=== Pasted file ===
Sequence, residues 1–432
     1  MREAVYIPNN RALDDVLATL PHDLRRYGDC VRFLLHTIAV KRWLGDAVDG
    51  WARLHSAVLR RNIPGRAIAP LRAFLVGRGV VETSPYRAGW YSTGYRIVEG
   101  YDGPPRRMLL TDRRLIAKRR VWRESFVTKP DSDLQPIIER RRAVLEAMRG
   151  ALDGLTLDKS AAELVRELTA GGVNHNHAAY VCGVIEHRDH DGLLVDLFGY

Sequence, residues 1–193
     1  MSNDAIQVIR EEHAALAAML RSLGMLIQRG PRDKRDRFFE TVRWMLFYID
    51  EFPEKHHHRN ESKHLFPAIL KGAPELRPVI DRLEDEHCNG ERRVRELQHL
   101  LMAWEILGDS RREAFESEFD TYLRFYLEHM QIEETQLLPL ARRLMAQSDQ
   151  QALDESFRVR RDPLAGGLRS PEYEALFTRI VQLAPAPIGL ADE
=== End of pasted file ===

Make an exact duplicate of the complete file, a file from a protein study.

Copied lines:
Sequence, residues 1–432
     1  MREAVYIPNN RALDDVLATL PHDLRRYGDC VRFLLHTIAV KRWLGDAVDG
    51  WARLHSAVLR RNIPGRAIAP LRAFLVGRGV VETSPYRAGW YSTGYRIVEG
   101  YDGPPRRMLL TDRRLIAKRR VWRESFVTKP DSDLQPIIER RRAVLEAMRG
   151  ALDGLTLDKS AAELVRELTA GGVNHNHAAY VCGVIEHRDH DGLLVDLFGY

Sequence, residues 1–193
     1  MSNDAIQVIR EEHAALAAML RSLGMLIQRG PRDKRDRFFE TVRWMLFYID
    51  EFPEKHHHRN ESKHLFPAIL KGAPELRPVI DRLEDEHCNG ERRVRELQHL
   101  LMAWEILGDS RREAFESEFD TYLRFYLEHM QIEETQLLPL ARRLMAQSDQ
   151  QALDESFRVR RDPLAGGLRS PEYEALFTRI VQLAPAPIGL ADE